What are Idiopathic Inflammatory Myopathies?

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Idiopathic inflammatory myopathies (IIM) are a group of diseases that present as muscle weakness and inflamed muscle tissues in muscle biopsy. 

This means that there is no external visiible "swelling" of the muscles, and this can only be seen when studying the muscle biopsy under the microscope. 

Idiopathic Inflammatory Myopathies explained in first person

Professionals and patients explain how you live with the disease
The most important thing for the patient to know is that these are diseases that we can treat, that we can control, and that the patient can feel well after having treatment.
I have to take care of myself, but I can continue living a normal life.

Types of Idiopathic Inflammatory Myopathies

Idiopathic inflammatory myopathies are acquired diseases, in other words, they are not transmitted from parents to children. They can occur at any age and are classified into six major groups: 

Person with stitches on the face due to anaphylaxis

Dermatomyositis. This is characterised by proximal muscle weakness, in other words, it affects the muscles that are closest to the central part of the body. Patients often have difficulty getting out of a chair, climbing stairs, or raising their arms above their heads. Skin lesions on the face and hands are also typical.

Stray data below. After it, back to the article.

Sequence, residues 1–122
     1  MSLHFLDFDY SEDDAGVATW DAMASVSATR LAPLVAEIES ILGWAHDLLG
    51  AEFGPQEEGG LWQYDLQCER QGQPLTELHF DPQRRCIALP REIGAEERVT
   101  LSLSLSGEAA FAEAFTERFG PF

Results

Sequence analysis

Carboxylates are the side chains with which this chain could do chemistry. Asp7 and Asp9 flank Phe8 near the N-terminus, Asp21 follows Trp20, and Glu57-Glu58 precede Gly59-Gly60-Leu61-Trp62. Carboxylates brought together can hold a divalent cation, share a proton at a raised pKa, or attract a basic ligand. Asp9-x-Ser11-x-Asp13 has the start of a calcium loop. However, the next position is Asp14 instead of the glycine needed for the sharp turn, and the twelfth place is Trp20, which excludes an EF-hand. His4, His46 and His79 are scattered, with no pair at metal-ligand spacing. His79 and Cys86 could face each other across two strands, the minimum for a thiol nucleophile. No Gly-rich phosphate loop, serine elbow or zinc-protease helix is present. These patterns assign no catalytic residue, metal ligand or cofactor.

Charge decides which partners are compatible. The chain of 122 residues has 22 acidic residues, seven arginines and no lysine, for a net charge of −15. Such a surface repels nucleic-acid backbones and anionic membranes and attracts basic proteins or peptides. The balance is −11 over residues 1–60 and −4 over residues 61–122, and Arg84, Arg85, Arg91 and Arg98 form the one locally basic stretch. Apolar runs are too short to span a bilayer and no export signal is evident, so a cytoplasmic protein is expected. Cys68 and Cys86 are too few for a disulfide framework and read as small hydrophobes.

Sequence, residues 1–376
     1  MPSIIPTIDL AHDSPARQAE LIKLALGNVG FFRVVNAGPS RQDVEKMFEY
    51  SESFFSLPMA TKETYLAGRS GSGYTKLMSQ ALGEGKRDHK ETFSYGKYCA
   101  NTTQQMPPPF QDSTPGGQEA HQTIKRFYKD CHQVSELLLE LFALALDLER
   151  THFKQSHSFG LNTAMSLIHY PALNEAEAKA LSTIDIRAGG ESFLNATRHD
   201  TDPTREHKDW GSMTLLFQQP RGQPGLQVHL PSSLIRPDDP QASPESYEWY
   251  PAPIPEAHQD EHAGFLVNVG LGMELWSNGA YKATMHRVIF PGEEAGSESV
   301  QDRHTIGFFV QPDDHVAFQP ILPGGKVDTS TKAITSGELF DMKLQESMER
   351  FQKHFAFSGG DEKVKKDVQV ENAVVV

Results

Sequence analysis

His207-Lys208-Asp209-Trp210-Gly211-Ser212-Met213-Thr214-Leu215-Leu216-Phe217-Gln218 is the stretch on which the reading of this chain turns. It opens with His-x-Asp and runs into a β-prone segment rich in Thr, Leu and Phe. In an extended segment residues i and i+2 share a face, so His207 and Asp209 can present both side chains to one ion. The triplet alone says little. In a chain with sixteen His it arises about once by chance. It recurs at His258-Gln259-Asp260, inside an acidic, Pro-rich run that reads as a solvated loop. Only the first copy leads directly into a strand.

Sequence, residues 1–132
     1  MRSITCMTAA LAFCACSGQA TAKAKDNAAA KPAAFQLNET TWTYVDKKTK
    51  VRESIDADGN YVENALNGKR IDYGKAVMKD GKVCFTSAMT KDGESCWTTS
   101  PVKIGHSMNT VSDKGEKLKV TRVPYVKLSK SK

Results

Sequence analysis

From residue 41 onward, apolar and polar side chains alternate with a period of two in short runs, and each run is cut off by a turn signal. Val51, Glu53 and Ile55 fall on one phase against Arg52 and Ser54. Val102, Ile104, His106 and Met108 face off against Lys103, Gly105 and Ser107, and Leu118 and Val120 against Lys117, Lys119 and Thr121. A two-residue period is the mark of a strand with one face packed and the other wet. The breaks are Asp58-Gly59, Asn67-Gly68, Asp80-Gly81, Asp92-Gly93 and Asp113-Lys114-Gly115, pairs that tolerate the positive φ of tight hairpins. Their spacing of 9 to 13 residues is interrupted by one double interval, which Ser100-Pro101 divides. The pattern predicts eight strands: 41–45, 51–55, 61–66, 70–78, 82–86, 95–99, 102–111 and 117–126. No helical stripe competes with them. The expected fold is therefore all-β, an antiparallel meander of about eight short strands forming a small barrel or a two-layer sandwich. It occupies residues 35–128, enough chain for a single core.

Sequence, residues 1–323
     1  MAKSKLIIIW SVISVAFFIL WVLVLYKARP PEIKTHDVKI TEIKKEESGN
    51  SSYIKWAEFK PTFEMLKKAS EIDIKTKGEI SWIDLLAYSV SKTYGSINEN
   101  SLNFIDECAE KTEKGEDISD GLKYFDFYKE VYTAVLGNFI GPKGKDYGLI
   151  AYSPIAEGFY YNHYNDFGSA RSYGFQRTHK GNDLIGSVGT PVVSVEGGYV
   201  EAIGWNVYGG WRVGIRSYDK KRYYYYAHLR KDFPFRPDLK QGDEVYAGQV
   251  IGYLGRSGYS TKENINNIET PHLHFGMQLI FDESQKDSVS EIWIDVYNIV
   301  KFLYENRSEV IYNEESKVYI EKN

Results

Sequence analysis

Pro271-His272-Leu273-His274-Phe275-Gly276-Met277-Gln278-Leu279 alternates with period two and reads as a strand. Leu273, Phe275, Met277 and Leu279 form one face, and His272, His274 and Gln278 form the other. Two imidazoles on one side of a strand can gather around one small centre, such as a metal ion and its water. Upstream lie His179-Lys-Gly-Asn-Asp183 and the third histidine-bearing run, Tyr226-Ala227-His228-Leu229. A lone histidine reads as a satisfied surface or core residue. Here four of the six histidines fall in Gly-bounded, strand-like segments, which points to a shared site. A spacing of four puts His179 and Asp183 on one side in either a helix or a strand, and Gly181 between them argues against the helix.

Inclusion body myositis (IBM). It shows in people over 50 and t is characterised by distal muscle weakness, in other words, it affects the muscles furthest from the central part of the body, such as the quadriceps and the flexors of the fingers.

Person getting up from a chair and having back pain

Immune-mediated Necrotising Myopathy (IMNM). This is characterised by rapid onset proximal muscle weakness.

Inflammation of the lungs

Antisynthetase syndrome (AS). This is characterised by proximal weakness, involvement of the lungs (inflammation or fibrosis), and arthritis (inflammation of the joints), although not all patients have all three symptoms. Patients may also have a fever, Raynaud's phenomenon (colour change in the fingers and toes due to cold or stress), or flaking and cracking of the skin on the hands (known as 'mechanic's hands').

Person with muscular weakness in arms and no energy

Myositis associated with another autoimmune disease (causing an overlap syndrome). This occurs when a patient has one of the types of myositis mentioned together with another autoimmune disease (including systemic lupus erythematosus, systemic sclerosis, vasculitis, and so on).

Person who finds it difficult to lift objects

Polymyositis. Like IMNM, it presents as proximal muscle weakness, and these are distinguished according to the findings of the muscle biopsy.

How many people does it affect?

Muscle diseases have an annual incidence of 2.1-7.7 cases per million people.

Información general de Muscular diseases or Myopathies

Consulta toda la información relacionada con Muscular diseases or Myopathies

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Substantiated information by:

Josep M. Grau Junyent
Sergio Prieto González

Published: 25 November 2020
Updated: 25 November 2020

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